A walk along the streets of Columbia Heights in northern Washington is a trip down memory lane for Franklin Garcia, 44.
Near 16th Street, there's the Shrine of the Sacred Heart church, where Garcia had his first Communion. Nearby on Columbia Road, there's the red brick building where he grew up. At family friends' apartments, he used to eat mangu, a Dominican dish made out of green plantains, then dance bachata and chat with neighbors and friends.
This, Garcia said, is where he was "fitting right in" after emigrating from the Dominican Republic in 1980, when the white population in Washington had fallen to 26.9% from 64% in 1950.
Then 11, Garcia's first impression of the United States was influenced by the realities of U.S. cities in the 1980s experiencing the last waves of white flight, a demographic trend that began after World War II, when home loans, cheap gas and booming construction in city outskirts led many returning soldiers' families, often white, to the suburbs.
While Spike Lee's expletive-laden rant this week during an African-American History Month lecture has shone a light on gentrification in Lee's Brooklyn, metropolises across the nation are grappling with the tensions that new faces often bring to historically minority neighborhoods.
Garcia's memories of Columbia Heights mirror those of minorities who once populated low-income communities such as Chicago's Lower West Side, Atlanta's Old Fourth Ward, Denver's Highland and Los Angeles' Lincoln Heights -- tightly knit, geographically enclosed enclaves united by connections and commercial infrastructures that catered to local cultural niches.
Housing affordability, a key factor that lured people to these areas, decreased significantly during the boom of the late 1990s, when interest rates for home loans were low and more housing options emerged.
Home prices rose at more than twice the rate of inflation, while rent increases exceeded inflation between 1997 and 1999, according to the U.S. Department of Housing and Urban Development. Black and Latino residents, whose annual median income from 1960 to 2011 hovered about $20,000 below that of white families, were disproportionately affected, according to the Pew Research Center.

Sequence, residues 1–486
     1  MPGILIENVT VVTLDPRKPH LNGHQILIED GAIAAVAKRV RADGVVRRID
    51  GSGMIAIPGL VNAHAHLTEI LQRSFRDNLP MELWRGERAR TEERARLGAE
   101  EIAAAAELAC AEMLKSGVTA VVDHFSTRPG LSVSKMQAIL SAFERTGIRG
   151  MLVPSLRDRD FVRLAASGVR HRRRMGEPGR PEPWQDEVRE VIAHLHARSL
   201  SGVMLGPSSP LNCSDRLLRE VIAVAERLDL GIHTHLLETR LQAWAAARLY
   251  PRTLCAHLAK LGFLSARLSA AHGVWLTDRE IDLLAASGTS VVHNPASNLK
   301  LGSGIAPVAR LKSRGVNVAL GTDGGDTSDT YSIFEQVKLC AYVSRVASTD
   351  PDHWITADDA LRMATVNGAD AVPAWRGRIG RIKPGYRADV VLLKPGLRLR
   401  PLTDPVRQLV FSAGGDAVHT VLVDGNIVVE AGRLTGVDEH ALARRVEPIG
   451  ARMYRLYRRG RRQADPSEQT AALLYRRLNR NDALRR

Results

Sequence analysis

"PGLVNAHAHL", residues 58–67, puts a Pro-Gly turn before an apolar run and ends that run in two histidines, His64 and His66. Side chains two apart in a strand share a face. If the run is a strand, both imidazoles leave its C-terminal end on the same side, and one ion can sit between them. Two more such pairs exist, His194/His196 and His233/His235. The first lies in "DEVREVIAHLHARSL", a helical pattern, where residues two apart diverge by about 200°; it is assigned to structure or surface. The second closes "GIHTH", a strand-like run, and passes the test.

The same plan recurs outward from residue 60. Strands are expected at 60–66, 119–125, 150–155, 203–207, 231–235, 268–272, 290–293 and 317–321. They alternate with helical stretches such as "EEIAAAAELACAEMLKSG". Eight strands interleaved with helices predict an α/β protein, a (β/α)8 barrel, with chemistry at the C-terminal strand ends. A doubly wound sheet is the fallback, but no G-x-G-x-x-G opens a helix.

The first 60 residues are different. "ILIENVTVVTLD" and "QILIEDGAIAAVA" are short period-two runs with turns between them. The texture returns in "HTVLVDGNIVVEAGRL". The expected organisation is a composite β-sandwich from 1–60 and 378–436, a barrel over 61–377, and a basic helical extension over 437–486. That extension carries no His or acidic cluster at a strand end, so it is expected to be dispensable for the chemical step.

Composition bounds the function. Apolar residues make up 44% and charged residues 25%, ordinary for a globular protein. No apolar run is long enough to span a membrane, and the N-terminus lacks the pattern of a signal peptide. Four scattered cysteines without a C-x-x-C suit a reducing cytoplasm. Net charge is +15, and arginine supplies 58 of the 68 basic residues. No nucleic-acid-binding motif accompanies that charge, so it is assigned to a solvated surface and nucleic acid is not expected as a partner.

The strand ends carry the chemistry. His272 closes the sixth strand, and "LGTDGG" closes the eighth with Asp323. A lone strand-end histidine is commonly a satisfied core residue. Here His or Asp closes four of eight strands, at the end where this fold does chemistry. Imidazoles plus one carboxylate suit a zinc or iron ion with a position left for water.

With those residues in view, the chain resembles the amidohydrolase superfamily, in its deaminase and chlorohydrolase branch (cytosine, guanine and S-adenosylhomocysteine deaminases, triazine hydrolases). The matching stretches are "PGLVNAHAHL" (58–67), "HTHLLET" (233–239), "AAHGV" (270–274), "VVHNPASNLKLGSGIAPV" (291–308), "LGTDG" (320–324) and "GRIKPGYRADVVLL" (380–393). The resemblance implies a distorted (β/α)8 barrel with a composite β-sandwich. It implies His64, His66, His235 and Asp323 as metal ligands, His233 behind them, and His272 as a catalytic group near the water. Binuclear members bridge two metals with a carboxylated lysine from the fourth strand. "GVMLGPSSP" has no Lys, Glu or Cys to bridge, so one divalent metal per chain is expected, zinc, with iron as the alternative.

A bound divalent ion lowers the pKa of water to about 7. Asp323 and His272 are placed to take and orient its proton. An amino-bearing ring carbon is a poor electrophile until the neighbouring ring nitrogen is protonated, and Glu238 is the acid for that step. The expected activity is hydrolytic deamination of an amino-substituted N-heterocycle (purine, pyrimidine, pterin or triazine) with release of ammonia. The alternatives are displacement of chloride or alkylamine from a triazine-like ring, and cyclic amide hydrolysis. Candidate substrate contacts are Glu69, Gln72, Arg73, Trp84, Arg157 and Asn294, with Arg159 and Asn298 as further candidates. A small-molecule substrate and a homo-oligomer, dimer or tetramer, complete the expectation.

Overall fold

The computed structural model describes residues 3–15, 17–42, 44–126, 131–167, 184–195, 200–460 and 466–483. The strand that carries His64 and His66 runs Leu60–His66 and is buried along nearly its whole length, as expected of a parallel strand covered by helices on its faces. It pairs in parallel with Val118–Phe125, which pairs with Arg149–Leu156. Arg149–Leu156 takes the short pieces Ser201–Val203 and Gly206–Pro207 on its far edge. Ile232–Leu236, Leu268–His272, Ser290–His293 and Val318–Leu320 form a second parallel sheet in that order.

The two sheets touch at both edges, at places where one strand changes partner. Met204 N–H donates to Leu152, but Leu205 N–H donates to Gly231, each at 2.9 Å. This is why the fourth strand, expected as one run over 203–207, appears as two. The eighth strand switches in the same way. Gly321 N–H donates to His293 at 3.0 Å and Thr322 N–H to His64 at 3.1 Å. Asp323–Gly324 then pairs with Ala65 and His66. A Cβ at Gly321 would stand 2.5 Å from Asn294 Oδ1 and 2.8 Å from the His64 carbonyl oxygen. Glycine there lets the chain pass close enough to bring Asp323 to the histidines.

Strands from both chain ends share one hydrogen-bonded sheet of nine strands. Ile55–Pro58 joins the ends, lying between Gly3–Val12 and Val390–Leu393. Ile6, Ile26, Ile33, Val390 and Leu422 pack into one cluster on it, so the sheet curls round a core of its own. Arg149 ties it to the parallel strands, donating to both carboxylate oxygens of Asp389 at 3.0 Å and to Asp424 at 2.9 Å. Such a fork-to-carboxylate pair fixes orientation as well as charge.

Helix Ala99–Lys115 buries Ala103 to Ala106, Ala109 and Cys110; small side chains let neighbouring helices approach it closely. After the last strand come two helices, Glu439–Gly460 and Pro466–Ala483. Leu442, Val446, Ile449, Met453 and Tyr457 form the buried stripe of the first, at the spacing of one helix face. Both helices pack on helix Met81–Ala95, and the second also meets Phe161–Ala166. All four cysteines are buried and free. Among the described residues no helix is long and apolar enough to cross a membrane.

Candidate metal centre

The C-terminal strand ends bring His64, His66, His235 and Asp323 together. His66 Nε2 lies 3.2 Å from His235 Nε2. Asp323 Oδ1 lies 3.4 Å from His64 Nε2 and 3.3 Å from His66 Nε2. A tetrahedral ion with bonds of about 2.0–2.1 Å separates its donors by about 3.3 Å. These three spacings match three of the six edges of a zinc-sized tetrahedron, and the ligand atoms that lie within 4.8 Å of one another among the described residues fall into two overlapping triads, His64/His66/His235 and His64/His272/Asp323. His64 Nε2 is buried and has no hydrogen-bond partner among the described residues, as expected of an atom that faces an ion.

Thus, between 2000 and 2010, the demographic trend reversed: Minority residents in search of cheaper housing moved to the suburbs, as white families began returning to the cities, according to the U.S. Census Bureau.
'This was home'
His family priced out of their one-bedroom apartment, Garcia lived through these changes. He wanted to return to Columbia Heights as an adult but couldn't afford it, so he moved to Petworth, two miles north.
About six years later, redevelopment returned to Garcia's doorstep, bringing retail and residential units near the Georgia Avenue rail station. Garcia packed his bags and headed north again to Woodridge, along the Maryland-Washington border.
All along, he yearned for Columbia Heights.
"It's always hard to come by and know ... that the community changed so much," Garcia said. "This was home for me at one time."
Like Garcia, many displaced minority residents in U.S. cities blame demographic shifts on gentrification efforts led by city governments who ignore the consequences of residents being "driven away from their traditions and communities."
But the causes and consequences of urban redevelopment are more complex. Each city's history, political leadership and community involvement have played unique roles in reshaping the locales.
In Charleston, South Carolina, initiatives taken to attract commercial activity have played the transformative role.
Its historic downtown, where Allison Lirish Dean, a communications associate with the research and policy institute, Policy Link, grew up in the 1970s and 1980s, has changed considerably from what she remembers.
Charleston's tradition as a trade hub and, more recently, its military presence, helped shape the city's appeal. A city-led initiative to capitalize on tourism -- one of Charleston's strongest economic forces -- also spurred significant urban reshaping.
During the 1960s and 1970s, the city designed urban plans to improve density, traffic flow and appearance of the downtown business district, with the aim of drawing consumers back from the suburbs. In the 1980s and 1990s, federal funding and tax breaks helped renovate the business infrastructure.
Charleston's population grew, home values rose, the wealthy acquired property and whites moved to the city, pushing some long-entrenched families out. Mainstream chain stores and high-end boutiques have now replaced the black-owned stores that laid their roots along Upper King Street, which thanks to historic preservation, still bears the facades of late 19th and early 20th centuries' architecture.
The Garden Theatre, a 1920s vaudeville-house-turned-cinema, was one of Dean's "favorite places" in the city. It's now an Urban Outfitters, and many of the once-nearby pawn shops and black fashion stores are gone. Boasting everything from Gap to Coach, Upper King Street is now known for fine dining and high-end shopping.
"I can go to a Urban Outfitters in Portland, in New York, anywhere pretty much in the country," Dean said. "But I can't necessarily in any city go to the Garden Theatre and see a performance of something local or have that experience."
A chunk of Charleston's unique character is lost, Dean said.